1 December 2013 – Turning the Calendar Page

Image of an English robin

Photo by Maria Gair

Today marks the beginning of the final month of the year.

What images, ideas, and sensations come to mind when you turn the calendar page over to the 1st of December?

How does this writing prompt advent calendar work?
This entry was posted in Writing Prompt Advent Calendar 2013 and tagged . Bookmark the permalink.

13 Responses to 1 December 2013 – Turning the Calendar Page

  1. Marie says:

    There is such joy this morning. The beginning of a new month, the last month of the year. I have already begun my advent celebration, the stepping into the presence of my life-the one that breathes in front of me-God’s creation. I wrote this before your prompt. It appears we were already on the same page. Thank you for the shared journey.


  2. Maria G. says:

    December is MY month. It contains my birthday, anniversary, and the birthday of my eldest son in addition to all that is Advent. December is full of reds and greens and the white of snow. The smells of cinnamon and nutmeg fill the air, and twinkly lights can be seen throughout the towns. For me, the entire year is just an anticipation of the coming of December. My love of Christmas probably comes from my mother who unloaded boxes upon boxes of decorations each year all over the house. My dad used to tease, “What happened in your childhood that you are making up for with all of these decorations?” Clearly, I should be making up for nothing, but nevertheless I have continued the tradition of insane decoration (I have a ‘Christmas shower curtain’.) A few years ago, I pared down my decorations from 10 boxes (large boxes) to 5 since we live in a condo and have no plans of moving. I gave away my discarded Christmas decorations, and my friend joked that my discards were better than her top shelf collection. Our tree is already up this year. It is artificial which, for me, is almost unbearable, but I have adjusted my expectation of the season to align with our current lifestyle. At the heart of it all, I love the season, and do not get caught up in the expectation or the ‘stuff’ that often burdens us. I might even leave the Christmas shower curtain off this year.


  3. Jill says:

    I have two calendars, and found that their illustrations influenced me more than I’d expected. One is a photo I took in Badlands National Park; this evoked cold winter weather. The other is a Farmers’ Almanac drawing of flowers and red ribbons, and it evoked holiday festivities.
    Thank you for this advent calendar! 🙂


    • Melissa says:

      You’re welcome, Jill. Thanks for participating! December for me can provoke such a juxtaposition of opposites – sounds like your images did that this morning!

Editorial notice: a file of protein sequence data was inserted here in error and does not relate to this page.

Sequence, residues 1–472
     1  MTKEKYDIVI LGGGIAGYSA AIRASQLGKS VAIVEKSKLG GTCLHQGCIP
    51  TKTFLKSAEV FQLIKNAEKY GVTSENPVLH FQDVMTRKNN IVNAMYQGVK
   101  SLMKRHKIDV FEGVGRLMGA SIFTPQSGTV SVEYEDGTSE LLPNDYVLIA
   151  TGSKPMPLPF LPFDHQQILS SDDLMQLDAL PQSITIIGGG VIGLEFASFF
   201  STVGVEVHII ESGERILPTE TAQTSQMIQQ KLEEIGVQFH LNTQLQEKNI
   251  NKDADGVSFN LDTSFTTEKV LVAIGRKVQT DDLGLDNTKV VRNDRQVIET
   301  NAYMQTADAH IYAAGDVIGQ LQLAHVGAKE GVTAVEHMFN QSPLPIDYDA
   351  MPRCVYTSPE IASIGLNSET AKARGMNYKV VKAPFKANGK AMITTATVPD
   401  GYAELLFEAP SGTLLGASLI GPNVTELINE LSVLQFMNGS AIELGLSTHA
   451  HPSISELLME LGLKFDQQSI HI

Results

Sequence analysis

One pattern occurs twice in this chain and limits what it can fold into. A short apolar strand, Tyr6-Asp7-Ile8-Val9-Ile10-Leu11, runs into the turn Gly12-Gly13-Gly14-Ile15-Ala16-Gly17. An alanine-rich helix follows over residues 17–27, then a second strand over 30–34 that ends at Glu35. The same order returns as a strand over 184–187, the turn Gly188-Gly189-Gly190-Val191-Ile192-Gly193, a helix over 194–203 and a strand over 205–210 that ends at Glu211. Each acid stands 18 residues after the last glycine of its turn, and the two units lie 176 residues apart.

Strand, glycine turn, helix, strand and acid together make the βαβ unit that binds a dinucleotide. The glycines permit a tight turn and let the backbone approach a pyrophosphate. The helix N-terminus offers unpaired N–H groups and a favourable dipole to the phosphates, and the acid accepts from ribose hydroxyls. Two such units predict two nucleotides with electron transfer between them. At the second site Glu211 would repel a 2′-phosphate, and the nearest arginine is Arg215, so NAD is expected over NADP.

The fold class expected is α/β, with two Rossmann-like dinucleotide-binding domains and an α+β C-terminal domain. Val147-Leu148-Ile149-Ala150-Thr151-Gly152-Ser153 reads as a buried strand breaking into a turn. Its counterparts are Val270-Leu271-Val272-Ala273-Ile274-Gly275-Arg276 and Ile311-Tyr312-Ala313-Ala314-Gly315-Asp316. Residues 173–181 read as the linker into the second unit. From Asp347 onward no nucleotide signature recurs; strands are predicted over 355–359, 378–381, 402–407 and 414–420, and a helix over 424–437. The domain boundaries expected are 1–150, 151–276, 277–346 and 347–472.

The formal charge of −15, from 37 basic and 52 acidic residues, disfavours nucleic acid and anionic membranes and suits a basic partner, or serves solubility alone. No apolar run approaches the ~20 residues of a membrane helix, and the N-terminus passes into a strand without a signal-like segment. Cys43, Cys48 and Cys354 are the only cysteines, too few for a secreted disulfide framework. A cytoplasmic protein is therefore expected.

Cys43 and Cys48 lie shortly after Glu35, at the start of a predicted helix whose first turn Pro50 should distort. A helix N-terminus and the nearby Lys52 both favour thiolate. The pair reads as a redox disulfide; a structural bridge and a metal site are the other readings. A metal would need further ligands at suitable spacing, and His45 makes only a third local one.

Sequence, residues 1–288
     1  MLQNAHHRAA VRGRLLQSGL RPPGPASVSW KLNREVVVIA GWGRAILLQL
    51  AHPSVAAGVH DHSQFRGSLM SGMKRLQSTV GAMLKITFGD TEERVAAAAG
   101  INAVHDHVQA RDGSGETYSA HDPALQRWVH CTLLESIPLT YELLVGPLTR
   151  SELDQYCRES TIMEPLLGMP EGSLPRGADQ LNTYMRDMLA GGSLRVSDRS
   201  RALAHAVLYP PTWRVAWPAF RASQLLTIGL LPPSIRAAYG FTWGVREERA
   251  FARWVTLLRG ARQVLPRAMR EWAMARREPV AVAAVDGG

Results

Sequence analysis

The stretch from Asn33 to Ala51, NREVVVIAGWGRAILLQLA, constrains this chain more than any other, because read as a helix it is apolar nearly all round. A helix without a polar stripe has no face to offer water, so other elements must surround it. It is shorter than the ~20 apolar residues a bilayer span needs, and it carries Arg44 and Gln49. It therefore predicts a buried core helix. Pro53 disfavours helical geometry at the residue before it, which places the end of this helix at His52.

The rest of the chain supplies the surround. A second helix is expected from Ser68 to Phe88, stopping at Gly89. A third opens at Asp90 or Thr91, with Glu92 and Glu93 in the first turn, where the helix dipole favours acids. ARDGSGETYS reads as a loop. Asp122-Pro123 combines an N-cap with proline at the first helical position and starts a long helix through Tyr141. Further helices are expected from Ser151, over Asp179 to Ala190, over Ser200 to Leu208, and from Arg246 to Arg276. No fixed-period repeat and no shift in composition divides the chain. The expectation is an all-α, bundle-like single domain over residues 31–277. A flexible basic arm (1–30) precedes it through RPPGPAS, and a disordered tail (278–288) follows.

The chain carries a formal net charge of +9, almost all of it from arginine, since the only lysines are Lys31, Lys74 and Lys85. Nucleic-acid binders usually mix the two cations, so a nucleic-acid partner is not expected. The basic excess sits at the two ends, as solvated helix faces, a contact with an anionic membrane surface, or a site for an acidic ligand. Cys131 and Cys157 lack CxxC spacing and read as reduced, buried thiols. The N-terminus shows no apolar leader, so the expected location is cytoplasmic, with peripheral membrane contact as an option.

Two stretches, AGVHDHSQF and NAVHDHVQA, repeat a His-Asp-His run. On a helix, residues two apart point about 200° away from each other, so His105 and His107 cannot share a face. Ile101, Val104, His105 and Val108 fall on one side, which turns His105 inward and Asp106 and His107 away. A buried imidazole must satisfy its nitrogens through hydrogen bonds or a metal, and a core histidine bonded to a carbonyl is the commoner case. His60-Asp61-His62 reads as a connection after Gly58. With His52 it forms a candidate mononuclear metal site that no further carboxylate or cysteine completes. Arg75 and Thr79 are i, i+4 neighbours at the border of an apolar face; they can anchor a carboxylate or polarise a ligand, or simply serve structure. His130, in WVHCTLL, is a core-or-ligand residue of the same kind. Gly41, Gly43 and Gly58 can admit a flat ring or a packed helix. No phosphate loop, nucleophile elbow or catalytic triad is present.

4. Melissa says:

    This morning I was so caught up in trying to put some finishing touches on this advent calendar that I lost track of time. I was typing away, fiddling with photos, etc, and I heard my daughter’s door open. Oh no! I hadn’t filled the pocket for the kids’ advent calendar yet! I winced as she went down the stairs faster than I could stop her and I just waited. Sure enough, soon I heard a disappointed ‘Oh….’ My husband convinced her that she should just go back upstairs for two minutes and try again. I rushed to put in the little chocolates I had saved especially for the first day, and she came back down. Willing to suspend disbelief for as long as it works in her favour, she looked in the pocket and jumped for joy!

    Sometimes, we get so wrapped up looking forward to something, we don’t notice it when the moment finally arrives….


  5. What a lovely invitation to write a bit each day… thanks for the push Maria! P.S. I adore that picture of the bird. Amazing. This blog is lovely and I am going to participate in the challenge. I will post here, for participation, and also on my own blog.

    This afternoon was grey and waning, I stood out on our mostly dead lawn and watched my husband climb up a ladder planted on the spongy ground, reaching for the gutters to clip our Christmas lights in. I was “supervising” by occasionally holding the cord. Rick reached up and grabbed an handful of mucky leaves clogging our gutters and began tossing handfuls to the ground we labored to rake clean just a week before. I sipped my beer, noticed his nice ass, and felt mildly irritated as the leaves began to litter our bushes and small front stoop. Today, on the first day of December, performing this chore of the season, I found myself recalling a day in late December last year. In surge of resentment and deflated pawing for holiday cheer, in the hour before picking up my children at school, I fought to untangle the cords and nailed the string of lights to our new 1929 english tudor. I had silently wept as I worked to surprise my girls, wiping the tears away on the sleeve of my coat. The throbbing cold in my fingers made my own despondency more acute. Last year I had wondered if the swell of Christmas mania would succeed in swallowing what was left of me altogether. Today, that memory of my heavy sadness last year swept me up for a a fleeting moment. I took a cold breath in, and noticed…I felt unclogged by the passing seasons, the months of healing and unloading and discovering that the past year had delivered. The dead leaves and muck that no longer served me had been scattered by new memories and bold declarations made in 2013. Rick and I finished the last strand of lights by wrapping it tightly up a small pine tree, taking the tangled pile from his left hand, and passing it to his right. We stepped back to admire our work… our home sufficiently festive to create memories that will hold in the minds of our small girls. I slipped my hand into his back pocket when he gave me a soft kiss, and the moment wrapped itself around my melancholy memory, transforming into something beautiful for me to hold.


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